"In each case," he said, "a troponin elevation may prompt treatment that is either unproven or potentially deleterious — specifically, anticoagulation or dual antiplatelet therapy. Subsequent testing, such as a coronary angiogram (and PCI) may also be undertaken without strong evidence of benefit."

In a statement, the third chair of the new document, Professor Harvey D. White, MD, from Auckland City Hospital, New Zealand, noted that: "In the consensus document we have expanded the section on type 2 myocardial infarction and included three figures to help doctors make the correct diagnosis."

ICD-10 Codes Catching Up

The concept of subtypes of myocardial infarction was introduced in 2007, but this was only incorporated into the International Classification of Diseases codes in October 2017, as detailed in an editorial by Goyal and colleagues in Circulation.

"It is of considerable interest that all 5 subtypes of myocardial infarction and nonischemic myocardial injury now have associated International Classification of Diseases, 10th Revision codes for billing and epidemiologic purposes," Alpert noted.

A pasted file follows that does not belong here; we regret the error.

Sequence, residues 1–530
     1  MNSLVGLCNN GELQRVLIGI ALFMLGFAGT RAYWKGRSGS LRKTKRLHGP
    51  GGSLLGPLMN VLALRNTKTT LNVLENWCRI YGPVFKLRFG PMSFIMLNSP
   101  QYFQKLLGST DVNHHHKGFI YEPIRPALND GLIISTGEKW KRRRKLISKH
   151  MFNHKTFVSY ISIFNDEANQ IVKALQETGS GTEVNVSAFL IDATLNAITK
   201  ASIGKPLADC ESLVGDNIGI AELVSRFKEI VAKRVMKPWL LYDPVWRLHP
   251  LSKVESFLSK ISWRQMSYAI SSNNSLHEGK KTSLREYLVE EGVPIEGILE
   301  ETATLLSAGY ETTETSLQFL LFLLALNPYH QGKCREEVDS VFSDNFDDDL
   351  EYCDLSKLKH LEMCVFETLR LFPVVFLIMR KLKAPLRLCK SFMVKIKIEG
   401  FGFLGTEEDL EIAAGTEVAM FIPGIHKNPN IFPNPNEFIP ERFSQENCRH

According to Becker, this fourth universal definition of myocardial infarction provides an opportunity to fit different types of myocardial infarction into more specific ICD-10 codes.

"The incorporation of type 2 MI into the ICD codes," White noted, "is another step towards accurate recognition [of different presentations of MI or myocardial injury] followed by appropriate treatment."

He expects that "a code for myocardial injury will be added to the ICD next year."

The disclosure forms are available with the article.

European Society of Cardiology (ESC) Congress 2018. To be presented on Monday August 27, 2018.

Circulation. Published online January 1, 2018. Full text

Eur Heart J. Published online August 25, 2018. Full text

Am J Med. Published online August 11, 2018. Full text

For more from theheart.org | Medscape Cardiology, follow us on Twitter 

Comments

3090D553-9492-4563-8681-AD288FA52ACE
Comments on Medscape are moderated and should be professional in tone and on topic. You must declare any conflicts of interest related to your comments and responses. Please see our Commenting Guide for further information. We reserve the right to remove posts at our sole discretion.
Post as:

processing....